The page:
Do you Binge Eat? (Guest post 2012)

I am fascinated with binge eating. Not only have I experienced it myself, but have also spent many hours coaching women who struggle with this painful eating pattern.

Among the stories I hear, the details can differ. Some women struggle with any deviation from self-prescribed dietary restrictions/expectations and experience this as a binge. Others describe eating something “bad,” which catapults them into consuming nutrient-deficient foods throughout the remainder of the day. And of course, some eat and eat until they are in so much physical discomfort they literally can’t take another bite.

Regardless of the specifics, there seems to be a few common threads:

1.) Intensity – there is POWER behind the behavior 2.) Urgency – the eating MUST be done right now 3.) Feeling out of Alignment – Insight that this is not alignment with what they say they want 4.) The feeling of “knowing better” – Despite nutritional knowledge, the behavior ensues, which feels even more frustrating 5.) Desire for a fix – Continued search outside of oneself for the solution

So if it’s so frustrating and out of integrity, why would anyone binge eat? Is it a lack of discipline? An inherent weakness?

In the end, binge eating is always done for a brilliant reason, although hard to see in the throes of eating.

Here are some perfectly good examples (both obvious and overlooked) of what could lead a person to binge:

1.)Chronically Restricting Calories If you chronically diet, watch calories, or suppress hunger, you are basically a ticking time bomb. Eventually the body gets so hungry or malnourished, that the slightest little inconvenience, stress, or temptation in your day sends you deep into the rabbit hole of frenzied eating.

2.) Omitting Macronutrients Wouldn’t it make sense that if a person were to cut out carbohydrates entirely, they might binge on carbohydrates? It amazes me how often this happens. I get it, because this was me five years ago! Many people cut fat out of their diet and are perplexed about their cravings for spoonfuls of peanut butter. In the end, the body wins.

3.) A Need for Grounding Consuming larger amounts of food in general is grounding. It gets us back into our bodies. Spiritual practitioners practice fasting to move up the chakras toward the spiritual domain. Food keeps our feet on the ground. And for anyone who gets caught up in the stories of their mind frequently, food (lots of it) could be just the thing to bring you back down to planet earth.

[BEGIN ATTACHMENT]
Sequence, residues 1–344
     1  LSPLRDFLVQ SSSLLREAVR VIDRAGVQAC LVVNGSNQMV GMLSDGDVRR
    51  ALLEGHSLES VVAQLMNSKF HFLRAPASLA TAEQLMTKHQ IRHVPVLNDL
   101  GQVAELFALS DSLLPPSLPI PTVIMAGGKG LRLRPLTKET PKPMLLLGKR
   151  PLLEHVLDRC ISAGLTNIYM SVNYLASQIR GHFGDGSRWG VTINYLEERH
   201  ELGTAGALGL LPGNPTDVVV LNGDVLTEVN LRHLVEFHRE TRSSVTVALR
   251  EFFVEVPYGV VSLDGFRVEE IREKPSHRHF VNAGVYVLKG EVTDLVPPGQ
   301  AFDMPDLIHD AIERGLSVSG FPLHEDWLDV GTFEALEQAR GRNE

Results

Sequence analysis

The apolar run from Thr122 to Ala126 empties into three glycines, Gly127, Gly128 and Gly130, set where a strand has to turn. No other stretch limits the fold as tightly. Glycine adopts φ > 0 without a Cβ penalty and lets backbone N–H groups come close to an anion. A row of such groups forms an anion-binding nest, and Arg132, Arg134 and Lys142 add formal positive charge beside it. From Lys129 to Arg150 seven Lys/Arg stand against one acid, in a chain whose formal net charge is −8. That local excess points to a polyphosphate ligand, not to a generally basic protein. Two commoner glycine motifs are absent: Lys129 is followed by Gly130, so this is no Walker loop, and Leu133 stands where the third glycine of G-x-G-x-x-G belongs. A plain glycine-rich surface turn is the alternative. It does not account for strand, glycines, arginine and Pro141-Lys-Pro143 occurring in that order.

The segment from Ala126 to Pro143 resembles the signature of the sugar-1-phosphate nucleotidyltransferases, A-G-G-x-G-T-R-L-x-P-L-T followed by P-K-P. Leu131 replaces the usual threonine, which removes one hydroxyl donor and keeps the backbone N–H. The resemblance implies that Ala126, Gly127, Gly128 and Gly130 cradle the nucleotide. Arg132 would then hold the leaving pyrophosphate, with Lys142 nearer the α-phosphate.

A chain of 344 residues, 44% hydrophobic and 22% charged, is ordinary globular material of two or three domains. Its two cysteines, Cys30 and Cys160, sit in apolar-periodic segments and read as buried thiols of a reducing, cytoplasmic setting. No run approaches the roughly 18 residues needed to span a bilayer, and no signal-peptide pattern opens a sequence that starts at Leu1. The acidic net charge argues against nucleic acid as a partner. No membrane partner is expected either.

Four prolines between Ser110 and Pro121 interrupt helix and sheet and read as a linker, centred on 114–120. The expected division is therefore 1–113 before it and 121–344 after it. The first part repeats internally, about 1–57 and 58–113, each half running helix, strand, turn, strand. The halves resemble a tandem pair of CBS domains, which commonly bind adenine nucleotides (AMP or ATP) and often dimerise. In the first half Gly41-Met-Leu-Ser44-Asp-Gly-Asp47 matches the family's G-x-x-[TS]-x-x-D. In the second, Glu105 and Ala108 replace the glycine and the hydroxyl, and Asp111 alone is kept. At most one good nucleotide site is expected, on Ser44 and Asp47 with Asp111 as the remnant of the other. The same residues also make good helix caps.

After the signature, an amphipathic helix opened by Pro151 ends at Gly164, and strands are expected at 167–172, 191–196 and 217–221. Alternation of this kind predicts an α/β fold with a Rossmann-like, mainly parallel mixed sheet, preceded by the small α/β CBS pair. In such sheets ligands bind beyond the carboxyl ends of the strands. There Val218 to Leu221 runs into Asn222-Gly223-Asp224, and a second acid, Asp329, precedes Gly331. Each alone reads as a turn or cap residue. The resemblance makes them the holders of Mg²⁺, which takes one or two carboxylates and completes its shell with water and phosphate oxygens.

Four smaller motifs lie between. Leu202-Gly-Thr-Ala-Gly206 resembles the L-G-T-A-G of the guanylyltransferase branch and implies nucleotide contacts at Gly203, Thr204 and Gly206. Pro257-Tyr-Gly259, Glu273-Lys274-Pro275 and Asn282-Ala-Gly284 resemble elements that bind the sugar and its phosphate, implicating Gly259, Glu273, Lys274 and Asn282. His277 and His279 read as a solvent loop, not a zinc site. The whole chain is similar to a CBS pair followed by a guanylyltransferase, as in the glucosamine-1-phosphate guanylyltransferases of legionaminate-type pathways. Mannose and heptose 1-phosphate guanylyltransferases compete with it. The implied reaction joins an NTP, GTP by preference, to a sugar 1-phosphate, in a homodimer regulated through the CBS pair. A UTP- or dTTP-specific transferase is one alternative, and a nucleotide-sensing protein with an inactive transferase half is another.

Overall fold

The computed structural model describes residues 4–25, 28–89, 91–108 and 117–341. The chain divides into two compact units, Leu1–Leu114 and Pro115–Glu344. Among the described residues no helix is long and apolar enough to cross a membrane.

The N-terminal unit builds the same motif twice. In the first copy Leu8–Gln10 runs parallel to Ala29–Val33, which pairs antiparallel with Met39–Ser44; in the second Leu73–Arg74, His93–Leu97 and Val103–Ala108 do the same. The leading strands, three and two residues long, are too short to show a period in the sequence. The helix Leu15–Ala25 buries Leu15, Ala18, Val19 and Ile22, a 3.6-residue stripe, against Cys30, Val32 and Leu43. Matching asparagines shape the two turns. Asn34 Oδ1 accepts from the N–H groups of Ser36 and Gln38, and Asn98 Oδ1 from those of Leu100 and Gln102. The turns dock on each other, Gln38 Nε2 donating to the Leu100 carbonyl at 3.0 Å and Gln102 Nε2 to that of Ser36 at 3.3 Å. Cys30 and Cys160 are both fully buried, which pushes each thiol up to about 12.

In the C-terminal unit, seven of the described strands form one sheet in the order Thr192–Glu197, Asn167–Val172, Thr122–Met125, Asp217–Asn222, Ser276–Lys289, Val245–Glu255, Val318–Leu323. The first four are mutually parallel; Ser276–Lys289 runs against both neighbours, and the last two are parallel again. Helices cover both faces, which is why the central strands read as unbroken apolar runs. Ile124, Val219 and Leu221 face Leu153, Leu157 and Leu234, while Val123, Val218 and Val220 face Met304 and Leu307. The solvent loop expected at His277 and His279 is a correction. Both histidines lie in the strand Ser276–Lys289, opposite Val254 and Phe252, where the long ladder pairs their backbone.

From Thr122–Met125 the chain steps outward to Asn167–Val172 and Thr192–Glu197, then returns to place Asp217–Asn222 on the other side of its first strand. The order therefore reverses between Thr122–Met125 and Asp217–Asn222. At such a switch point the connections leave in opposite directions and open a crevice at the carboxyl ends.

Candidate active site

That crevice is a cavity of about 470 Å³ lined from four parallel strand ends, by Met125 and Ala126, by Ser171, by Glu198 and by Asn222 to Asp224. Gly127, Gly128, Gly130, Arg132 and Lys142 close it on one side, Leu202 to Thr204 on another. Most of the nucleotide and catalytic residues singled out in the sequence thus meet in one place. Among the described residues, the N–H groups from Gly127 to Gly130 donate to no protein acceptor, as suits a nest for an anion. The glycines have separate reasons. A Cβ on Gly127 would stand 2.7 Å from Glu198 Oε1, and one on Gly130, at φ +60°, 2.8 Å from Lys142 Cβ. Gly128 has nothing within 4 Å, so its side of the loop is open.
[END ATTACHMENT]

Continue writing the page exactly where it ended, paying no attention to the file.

4.) Making the perceived issue the distraction Having a “food issue” can be a distraction from real life. No matter how perplexing or frustrating it may be, binge eating can still serve as a diversion from anything that is challenging that needs our attention. I remember having fallen into patterns of binges when a difficult conversation needed to happen between my mother and I regarding the dynamic of our relationship. I ended up spending all my energy attempting to get my eating habits back in order, rather than realizing I needed to hang in the discomfort of a challenging yet healing series of conversations with my mother. “Getting a handle” on binge eating can act as a safe hideout from living a real life, warts and all.

5.) Not taking time for transitions Transitions can be challenging for people. Think about it. Take the example of the transition from work to home. Instead of creating a cushion of time to really get home and relax, we walk right into the kitchen and start picking food out of the pantry. Food can unwittingly act as the buffer, grounding us, “chilling us out,” and getting us back into our bodies after a high-energy or stressful day.

6.) Creating Food Rules Whether you love rules or hate them, food rules can create a fertile ground for rebellion and entitlement. What if you dropped the food rules? How could you break a diet that does not exist?

7.) Living out of Alignment Living out of integrity only lasts so long. Life gives us symptoms, habits, behaviors, and pain to remind us we are neglecting something fundamental about ourselves. By committing to the journey of fully integrating the most pleasurable and painful parts of ourselves, we can become more whole.

Be gentle with yourself as your navigate your eating challenges. Ask for support when needed.

With Love,

Laura

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